Thirty-seventh Dublin Report ( I sent these Dublin Reports home by email every couple of weeks, during our four years living in Dublin.)
30 May 2005
It’s time to leave Dublin. Starbucks is coming. Our Irish friends think that we must be really happy about this. But we know better.
These were the shops closest to our Dublin home. The boys got their hair cut at this Barber.
The pace of change in the Dublin retail scene is suddenly heating up. For our first couple of years here I marveled at the incredibly charming, maddening, uncompetitive, tiny mom-and-pop scale of Dublin retail. There is indeed a glitzy pedestrianized street, full of international chain shops along with a small number of sharp Dublin retailers. And there also is the random mall or two. Many of these are kind of like quaint early American shopping centers—composed of a few open air “avenues” with a grocery store as the anchor tenant and lots of little shops to cover the basic daily needs and even some decent fashion in between the butcher and the chemist.
But more prominently for me, there are whole long streets in Dublin city centre which are populated with miniscule shops sporting handcrafted wooden signs, haphazard window displays, and inventories of unpredictable nature. For instance, “Camden Casket” is kind of like a dollar shop, selling soap powder and tablets of paper, gift-wrap and brooms, clothespins and little toys. My favorite, the tiny “Egg Depot” is only six feet wide. Its cream colored wooden sign has quaint blocky turquoise and gold lettering, outlined in black. The name of the shop gives no indication of its actual wares: plants and flowers. I always wondered how these shops survived and felt a combination of awe and fatalism about their future.
Camden Street, Dublin
Yet they held on, and some still do, but I have noted a rather rapid steamrolling of their closures in just the last two years. Before we arrived, several local shops had just been shuttered, leaving empty premises and some sad blight on the road. But these little storefronts are now steadily turning over. Keegan’s Fruit and Veg is now the self-consciously hip “Mint” restaurant.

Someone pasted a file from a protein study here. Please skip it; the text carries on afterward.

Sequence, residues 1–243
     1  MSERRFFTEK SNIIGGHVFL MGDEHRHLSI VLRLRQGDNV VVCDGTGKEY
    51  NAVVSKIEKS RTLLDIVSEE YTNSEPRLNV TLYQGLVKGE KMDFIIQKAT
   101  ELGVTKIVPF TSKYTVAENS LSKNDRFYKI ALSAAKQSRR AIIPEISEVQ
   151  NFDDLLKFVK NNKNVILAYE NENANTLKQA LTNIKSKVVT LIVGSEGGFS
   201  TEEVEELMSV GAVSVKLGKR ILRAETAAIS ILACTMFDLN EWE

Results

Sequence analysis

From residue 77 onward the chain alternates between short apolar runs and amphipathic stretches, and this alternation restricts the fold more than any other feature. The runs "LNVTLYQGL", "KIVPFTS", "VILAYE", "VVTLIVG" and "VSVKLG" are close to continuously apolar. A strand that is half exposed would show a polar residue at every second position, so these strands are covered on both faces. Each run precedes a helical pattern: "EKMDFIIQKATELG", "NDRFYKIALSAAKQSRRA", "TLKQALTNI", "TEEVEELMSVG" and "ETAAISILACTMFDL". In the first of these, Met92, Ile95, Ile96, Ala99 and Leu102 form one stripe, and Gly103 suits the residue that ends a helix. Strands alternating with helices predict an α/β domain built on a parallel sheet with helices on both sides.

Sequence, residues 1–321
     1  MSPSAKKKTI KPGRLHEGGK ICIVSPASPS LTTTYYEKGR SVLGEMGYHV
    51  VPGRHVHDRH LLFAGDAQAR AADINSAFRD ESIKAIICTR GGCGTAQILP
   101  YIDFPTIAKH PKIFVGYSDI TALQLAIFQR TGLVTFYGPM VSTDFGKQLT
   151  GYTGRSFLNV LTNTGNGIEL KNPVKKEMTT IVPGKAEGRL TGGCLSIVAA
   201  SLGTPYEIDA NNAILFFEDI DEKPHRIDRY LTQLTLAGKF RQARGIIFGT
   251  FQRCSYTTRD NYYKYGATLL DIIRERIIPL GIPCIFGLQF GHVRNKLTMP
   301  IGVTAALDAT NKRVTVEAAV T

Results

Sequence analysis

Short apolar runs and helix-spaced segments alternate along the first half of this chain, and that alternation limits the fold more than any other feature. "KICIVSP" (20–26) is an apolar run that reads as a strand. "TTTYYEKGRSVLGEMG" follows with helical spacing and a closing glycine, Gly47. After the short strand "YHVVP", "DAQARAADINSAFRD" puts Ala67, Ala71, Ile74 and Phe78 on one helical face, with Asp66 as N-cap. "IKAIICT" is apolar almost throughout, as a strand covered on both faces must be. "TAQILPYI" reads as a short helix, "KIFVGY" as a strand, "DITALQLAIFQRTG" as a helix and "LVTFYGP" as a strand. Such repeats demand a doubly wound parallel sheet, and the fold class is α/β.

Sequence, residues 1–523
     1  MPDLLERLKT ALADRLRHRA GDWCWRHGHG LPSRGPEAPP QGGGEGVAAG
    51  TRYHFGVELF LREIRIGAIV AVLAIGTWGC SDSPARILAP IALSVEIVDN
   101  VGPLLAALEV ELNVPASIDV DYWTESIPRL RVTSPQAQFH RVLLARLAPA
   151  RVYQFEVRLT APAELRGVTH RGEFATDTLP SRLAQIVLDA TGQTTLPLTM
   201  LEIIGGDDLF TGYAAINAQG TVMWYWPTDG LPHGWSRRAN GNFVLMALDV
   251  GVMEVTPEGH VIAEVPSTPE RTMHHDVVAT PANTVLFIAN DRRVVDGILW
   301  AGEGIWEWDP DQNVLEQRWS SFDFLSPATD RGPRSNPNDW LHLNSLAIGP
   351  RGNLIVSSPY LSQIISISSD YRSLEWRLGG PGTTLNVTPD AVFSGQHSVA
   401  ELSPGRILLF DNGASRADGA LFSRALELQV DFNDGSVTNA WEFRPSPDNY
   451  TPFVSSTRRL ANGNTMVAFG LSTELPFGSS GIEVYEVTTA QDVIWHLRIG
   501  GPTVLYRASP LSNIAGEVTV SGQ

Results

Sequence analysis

Mint did not make a mint, apparently.
The fishmonger is now “Kelli”, a shop marketing trendy and expensive European fashion. Those of us who have observed the changes know that the modern Kelli sign is bolted right over the antique tiled cream and brown storefront sign that spelled out “Victualler.” “Ranelagh Seeds and Plants” has been unused since we got here, but I noticed it is recently getting a slick vanilla colored interior painting job on its new paneled walls, and a nice crisp window display area. For what? Another café or shoe shop I suppose.
Des takes his shirts to the most hidden and retro of Dublin establishments—a former Magdalene laundry. To Ireland’s great shame, thousands of teenage girls were packed off to these terrible institutions for an entire lifetime of indentured servitude, spent in silence and chapped up to their elbows by lye and laundry soap. The girls’ “crimes” ranged from being too pretty and flirtatious, to being raped, to becoming pregnant. The last Magdalene laundry closed in the early ‘70’s. Now, one of its cousins—Des’ destination–is a commercial establishment, tucked deep in a dead end kind of destination, in behind the Donnybrook Garda station, with no parking or signs advertising its existence.
Donnybrook Garda (Police) Station…I have a whole other post about my time spent in this institution.
Only a very large brick steam tower signals its purpose. To gain service, one approaches on a sort of loading dock entrance and rings a bell at a window with a sliding door.